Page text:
While the entire Himalayan border is disputed, including the Aksai Chin area, it is the row over large parts of India’s Arunachal Pradesh in the eastern stretch of the mountains that has strained ties in recent months.

India’s nuclear submarine dream, still miles to go

The unveiling of India’s top secret nuclear-powered submarine, three decades after it was conceived, has been greeted with much tub-thumping.

Even for a nation hungry for success and even more than that, global recognition, some of the adulation seems excessive and perhaps premature as many are starting to point out.

INS Arihant, or destroyer of enemies, has just made contact with water, as it were, with the navy flooding the dry dock at last weekend’s launch in the southern port city of Visakhapatnam.  It has to be tested in the harbour, then out at sea. The nuclear reactor, the heart of the new technology, has yet to be fitted. Perhaps a bigger moment will be when that reactor goes critical.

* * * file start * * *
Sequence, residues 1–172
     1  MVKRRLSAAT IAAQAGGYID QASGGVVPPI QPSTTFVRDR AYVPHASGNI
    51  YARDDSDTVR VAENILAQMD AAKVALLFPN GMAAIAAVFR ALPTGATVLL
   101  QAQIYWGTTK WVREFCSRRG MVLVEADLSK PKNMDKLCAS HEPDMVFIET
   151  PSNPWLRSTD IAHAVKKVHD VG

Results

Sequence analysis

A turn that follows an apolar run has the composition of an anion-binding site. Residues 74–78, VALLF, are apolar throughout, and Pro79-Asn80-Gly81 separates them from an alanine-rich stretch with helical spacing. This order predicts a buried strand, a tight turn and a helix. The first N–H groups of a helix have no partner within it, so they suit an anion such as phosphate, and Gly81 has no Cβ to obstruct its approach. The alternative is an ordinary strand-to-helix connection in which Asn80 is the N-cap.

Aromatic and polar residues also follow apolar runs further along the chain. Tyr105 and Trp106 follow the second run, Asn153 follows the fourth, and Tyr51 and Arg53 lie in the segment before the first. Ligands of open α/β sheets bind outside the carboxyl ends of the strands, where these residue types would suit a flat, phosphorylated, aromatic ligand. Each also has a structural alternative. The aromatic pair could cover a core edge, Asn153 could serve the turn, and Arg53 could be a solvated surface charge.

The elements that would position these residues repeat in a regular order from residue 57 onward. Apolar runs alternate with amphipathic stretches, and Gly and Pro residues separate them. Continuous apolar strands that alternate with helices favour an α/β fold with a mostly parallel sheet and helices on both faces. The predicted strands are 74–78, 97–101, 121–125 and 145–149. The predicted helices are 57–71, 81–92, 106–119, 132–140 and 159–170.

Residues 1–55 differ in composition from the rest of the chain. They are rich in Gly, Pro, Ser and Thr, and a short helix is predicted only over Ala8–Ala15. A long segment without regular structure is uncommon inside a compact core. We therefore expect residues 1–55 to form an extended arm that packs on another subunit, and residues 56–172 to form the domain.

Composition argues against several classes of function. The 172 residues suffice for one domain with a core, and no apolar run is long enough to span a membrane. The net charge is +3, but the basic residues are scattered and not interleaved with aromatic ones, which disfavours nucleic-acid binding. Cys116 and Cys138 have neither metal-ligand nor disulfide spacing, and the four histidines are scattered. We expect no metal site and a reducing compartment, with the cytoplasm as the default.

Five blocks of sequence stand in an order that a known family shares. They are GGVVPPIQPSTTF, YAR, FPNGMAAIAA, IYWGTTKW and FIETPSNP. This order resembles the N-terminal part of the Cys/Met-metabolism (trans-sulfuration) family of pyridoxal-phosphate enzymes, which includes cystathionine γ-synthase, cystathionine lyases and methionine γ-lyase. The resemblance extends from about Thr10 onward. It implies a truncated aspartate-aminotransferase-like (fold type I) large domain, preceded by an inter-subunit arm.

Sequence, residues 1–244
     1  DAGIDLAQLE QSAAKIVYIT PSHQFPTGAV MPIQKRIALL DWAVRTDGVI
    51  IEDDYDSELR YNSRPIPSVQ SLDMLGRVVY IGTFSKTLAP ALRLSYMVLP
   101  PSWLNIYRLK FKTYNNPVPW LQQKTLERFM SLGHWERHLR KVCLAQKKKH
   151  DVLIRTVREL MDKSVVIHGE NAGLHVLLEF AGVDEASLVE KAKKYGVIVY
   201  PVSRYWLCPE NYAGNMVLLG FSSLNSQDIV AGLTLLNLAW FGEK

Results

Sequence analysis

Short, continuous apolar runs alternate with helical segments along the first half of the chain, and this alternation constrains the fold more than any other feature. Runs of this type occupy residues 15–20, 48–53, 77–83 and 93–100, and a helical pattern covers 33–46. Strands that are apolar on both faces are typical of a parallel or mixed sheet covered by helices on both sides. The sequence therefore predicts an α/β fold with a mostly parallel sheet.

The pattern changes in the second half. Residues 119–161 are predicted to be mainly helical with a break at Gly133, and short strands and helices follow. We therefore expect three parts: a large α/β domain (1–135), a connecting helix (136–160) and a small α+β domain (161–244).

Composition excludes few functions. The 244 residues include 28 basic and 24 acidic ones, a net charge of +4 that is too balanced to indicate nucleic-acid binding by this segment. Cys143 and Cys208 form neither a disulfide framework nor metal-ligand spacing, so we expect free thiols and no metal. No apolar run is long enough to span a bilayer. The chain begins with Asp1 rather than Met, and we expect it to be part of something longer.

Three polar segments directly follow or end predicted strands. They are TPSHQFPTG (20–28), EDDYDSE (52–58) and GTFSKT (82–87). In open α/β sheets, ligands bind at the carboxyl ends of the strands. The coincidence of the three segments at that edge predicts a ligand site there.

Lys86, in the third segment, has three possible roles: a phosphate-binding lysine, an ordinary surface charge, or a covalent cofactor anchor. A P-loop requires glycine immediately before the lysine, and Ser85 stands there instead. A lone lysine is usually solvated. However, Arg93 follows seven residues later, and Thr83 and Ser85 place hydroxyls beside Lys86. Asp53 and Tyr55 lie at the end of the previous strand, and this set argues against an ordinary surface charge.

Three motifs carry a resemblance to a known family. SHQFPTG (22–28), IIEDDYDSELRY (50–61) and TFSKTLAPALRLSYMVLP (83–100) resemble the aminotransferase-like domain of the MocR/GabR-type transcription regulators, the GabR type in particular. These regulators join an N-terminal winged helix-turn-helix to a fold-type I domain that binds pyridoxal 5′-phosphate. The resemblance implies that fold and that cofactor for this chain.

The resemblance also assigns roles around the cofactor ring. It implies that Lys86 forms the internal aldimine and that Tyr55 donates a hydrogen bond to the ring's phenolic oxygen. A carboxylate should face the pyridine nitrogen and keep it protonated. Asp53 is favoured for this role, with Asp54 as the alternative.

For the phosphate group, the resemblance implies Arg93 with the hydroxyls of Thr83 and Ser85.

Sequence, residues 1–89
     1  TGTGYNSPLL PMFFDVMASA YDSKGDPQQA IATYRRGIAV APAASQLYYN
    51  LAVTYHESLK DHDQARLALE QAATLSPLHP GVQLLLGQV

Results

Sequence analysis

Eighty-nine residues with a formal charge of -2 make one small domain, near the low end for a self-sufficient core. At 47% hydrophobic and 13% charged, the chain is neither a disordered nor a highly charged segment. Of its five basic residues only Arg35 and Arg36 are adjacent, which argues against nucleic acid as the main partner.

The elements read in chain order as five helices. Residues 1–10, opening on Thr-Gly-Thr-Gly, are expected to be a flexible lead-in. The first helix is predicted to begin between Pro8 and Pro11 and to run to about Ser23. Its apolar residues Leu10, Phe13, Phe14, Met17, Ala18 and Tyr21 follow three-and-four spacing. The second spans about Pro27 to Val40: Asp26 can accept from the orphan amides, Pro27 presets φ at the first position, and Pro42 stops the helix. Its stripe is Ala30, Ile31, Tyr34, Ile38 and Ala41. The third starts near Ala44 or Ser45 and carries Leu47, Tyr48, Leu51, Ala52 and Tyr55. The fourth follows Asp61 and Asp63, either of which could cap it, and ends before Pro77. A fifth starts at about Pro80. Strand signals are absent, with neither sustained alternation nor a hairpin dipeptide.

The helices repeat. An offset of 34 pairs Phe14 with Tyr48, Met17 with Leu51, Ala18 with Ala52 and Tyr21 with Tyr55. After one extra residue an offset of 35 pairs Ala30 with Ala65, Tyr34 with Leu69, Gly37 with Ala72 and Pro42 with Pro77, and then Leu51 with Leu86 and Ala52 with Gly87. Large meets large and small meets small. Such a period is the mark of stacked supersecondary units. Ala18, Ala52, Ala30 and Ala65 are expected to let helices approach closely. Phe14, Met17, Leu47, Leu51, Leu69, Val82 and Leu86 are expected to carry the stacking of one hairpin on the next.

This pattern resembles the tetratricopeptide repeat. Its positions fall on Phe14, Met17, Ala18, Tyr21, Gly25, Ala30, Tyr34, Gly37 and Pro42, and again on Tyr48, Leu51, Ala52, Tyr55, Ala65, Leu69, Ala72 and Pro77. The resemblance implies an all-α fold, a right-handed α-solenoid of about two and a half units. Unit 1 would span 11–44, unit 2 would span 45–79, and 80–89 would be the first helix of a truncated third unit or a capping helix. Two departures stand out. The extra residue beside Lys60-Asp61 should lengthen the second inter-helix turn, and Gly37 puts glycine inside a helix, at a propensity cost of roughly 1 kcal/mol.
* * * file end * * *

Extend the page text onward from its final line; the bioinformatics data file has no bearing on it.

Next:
from Pakistan: Now or Never?:

Manmohan Singh’s Pakistan gamble

Indian Prime Minister Manmohan Singh has staked his political reputation on talks with Pakistan, earning in equal measure both praise and contempt from a domestic audience still burned by last November's attack on Mumbai by Pakistan-based militants.

"I sincerely believe it is our obligation to keep the channels of communication open," he said in a debate in parliament on Wednesday. "Unless we talk directly to Pakistan we will have to rely on a third party to do so... Unless you want to go to war with Pakistan, there is no way, but to go step-by-step... dialogue and engagement are the best way forward," Singh said.